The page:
Since I doubt many of the results provided by factories, I will invest in a high-end Keysight DAQ to conduct them on my own in some selected samples.
    This.

    I don't trust factory results either. I use PAL for acoustics, Allion for ATE and thermals, Cybenetics, of course, as well as in-house equipment when we have enough warm bodies to execute the testing.

    I have to pay for every unit that goes to third party for testing. I also have to pay for the testing. I seriously doubt many other companies do this.

    Me, I see it as an "investment". If I pay a shit load of money up front to reduce failure rate from 5% to .01%, even on a cheap PSU like a VS, then I'll make my money back in a heart beat.

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    Corsair has the economies of scale to invest big when required and the knowledge/crew to make the call when it's worth it. I worked as PSU PM for 5 years before i left the industry november last year. I always admired Corsairs way of project management and due diligence. EVGA however was good by pure chance. In the beginning they teamed up with Super Flower which gave them good products and they were willing to sell these for the margins they knew from graphics card business. Ever since they lost Super Flower as their main vendor products are somewhere between mediocre and crappy. EVGA BT 450W (made by RSY, but project management handled by SF) was roughly same cost but much better quality.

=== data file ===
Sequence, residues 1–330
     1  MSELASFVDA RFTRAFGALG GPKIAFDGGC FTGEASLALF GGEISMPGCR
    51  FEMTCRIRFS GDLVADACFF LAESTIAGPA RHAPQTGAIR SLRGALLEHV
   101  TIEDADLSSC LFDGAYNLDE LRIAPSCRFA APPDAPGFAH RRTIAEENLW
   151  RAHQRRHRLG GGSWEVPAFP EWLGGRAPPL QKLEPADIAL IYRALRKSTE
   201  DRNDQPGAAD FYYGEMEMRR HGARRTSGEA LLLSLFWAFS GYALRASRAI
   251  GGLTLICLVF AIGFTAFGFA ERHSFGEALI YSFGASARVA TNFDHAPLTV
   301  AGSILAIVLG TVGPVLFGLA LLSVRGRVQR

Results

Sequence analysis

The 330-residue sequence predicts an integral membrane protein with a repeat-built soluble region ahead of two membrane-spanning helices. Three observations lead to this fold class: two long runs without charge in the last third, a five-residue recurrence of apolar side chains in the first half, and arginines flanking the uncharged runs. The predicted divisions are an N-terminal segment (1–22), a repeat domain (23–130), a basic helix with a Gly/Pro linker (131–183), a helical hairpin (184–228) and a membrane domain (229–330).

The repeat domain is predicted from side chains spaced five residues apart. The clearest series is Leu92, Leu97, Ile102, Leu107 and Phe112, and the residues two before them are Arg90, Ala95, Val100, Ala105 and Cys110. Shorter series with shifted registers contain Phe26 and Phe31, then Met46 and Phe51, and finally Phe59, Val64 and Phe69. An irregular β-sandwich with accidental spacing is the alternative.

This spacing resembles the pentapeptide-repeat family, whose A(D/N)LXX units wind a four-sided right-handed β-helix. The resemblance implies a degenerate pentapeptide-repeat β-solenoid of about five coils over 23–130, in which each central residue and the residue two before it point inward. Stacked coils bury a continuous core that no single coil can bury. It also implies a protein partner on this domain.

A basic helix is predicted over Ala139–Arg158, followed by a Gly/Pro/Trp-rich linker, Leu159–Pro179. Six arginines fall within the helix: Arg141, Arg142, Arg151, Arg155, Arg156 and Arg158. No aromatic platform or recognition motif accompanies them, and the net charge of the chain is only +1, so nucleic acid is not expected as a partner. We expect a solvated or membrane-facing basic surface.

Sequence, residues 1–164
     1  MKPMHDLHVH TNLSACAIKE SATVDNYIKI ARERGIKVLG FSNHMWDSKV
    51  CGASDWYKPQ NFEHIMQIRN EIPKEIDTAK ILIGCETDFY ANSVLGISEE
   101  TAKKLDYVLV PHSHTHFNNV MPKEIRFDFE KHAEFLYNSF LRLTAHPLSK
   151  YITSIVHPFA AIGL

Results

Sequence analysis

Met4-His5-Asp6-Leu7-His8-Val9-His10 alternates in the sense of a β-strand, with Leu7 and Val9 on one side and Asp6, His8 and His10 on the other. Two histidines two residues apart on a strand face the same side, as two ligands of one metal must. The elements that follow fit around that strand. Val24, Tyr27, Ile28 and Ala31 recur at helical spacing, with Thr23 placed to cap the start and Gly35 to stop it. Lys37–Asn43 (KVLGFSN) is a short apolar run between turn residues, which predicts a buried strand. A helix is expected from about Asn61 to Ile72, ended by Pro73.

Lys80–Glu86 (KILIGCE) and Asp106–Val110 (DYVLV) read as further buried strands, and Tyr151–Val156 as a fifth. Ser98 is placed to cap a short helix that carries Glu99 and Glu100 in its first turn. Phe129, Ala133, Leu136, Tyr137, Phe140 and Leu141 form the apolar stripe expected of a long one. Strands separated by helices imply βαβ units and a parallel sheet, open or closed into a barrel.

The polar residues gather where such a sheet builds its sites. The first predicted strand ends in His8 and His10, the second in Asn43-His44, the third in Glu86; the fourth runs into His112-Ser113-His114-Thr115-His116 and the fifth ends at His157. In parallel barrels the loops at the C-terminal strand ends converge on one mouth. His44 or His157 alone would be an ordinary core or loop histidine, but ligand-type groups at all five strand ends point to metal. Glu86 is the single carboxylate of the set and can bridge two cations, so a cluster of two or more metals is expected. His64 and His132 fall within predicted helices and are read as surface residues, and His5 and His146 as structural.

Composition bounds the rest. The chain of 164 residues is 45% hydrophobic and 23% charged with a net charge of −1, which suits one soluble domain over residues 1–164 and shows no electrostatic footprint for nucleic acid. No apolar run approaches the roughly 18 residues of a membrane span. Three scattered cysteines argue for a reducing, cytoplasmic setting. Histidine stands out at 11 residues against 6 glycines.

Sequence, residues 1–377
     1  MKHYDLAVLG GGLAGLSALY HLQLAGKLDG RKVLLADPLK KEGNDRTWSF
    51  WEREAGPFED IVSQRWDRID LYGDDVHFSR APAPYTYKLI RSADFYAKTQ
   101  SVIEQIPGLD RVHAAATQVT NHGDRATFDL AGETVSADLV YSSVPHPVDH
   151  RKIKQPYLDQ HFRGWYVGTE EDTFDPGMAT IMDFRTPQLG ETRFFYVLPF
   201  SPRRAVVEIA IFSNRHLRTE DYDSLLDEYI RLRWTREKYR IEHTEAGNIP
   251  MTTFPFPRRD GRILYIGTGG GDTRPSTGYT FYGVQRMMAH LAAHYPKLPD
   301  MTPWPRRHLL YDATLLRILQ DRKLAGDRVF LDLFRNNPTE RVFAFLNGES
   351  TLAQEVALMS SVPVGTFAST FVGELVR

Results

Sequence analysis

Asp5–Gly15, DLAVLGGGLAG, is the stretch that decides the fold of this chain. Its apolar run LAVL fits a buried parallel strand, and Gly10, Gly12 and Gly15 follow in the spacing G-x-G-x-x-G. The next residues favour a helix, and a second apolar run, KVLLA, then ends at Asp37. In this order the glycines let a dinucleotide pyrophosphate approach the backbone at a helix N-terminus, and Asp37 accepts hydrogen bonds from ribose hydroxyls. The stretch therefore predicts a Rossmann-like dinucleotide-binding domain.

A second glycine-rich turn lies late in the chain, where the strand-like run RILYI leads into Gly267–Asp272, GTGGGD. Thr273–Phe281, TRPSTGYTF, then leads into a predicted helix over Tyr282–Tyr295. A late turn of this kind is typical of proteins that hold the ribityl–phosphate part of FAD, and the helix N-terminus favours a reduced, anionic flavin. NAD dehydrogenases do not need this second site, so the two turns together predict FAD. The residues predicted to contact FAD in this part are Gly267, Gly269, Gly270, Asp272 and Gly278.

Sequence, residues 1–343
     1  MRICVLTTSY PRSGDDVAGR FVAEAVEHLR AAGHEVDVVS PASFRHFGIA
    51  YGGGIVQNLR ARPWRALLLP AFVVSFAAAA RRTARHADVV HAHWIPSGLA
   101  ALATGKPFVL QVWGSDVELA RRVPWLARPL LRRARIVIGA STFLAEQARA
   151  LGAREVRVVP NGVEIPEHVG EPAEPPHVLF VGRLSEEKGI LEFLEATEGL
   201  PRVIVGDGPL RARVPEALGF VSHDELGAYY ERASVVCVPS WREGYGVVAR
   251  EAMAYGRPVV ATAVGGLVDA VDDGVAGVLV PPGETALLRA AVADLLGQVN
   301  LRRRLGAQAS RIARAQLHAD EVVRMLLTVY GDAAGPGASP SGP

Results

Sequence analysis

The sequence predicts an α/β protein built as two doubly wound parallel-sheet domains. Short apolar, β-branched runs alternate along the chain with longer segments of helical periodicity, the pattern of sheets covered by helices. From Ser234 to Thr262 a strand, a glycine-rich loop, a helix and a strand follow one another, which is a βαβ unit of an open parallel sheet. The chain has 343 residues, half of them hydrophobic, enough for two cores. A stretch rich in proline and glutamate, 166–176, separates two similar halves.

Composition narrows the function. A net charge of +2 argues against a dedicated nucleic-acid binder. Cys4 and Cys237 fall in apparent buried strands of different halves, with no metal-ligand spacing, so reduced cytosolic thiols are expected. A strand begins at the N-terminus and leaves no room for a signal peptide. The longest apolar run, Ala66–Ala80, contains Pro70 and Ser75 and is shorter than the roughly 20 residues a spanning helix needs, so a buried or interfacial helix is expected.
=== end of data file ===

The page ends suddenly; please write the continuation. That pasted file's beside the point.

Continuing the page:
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    Quote Originally Posted by Jon Gerow View Post
    That's why it pisses me off when people say, "Oh.. RMx is CWT GPU. This other brand PSU also uses CWT GPU.
    I know this is just an example, but people who say that need to be told they're wrong right from the start, since RMx isn't even CWT GPU in the first place. Oddly enough, I saw many people do that on Linustechtips forums. I thought it's easy to notice how those two units are not the same PSU by just a cursory glance at the internals, with how different the primary side and how completely different the secondary side is - especially how one of them uses a 12V daughterboard and the other has 12V under the PCB, how different the DC-DC board and its placement is, and so on. I was under impression it doesn't even take too much technical knowledge to notice they're not the same thing at all, as in simple shape recognition skills would be enough, but apparently not.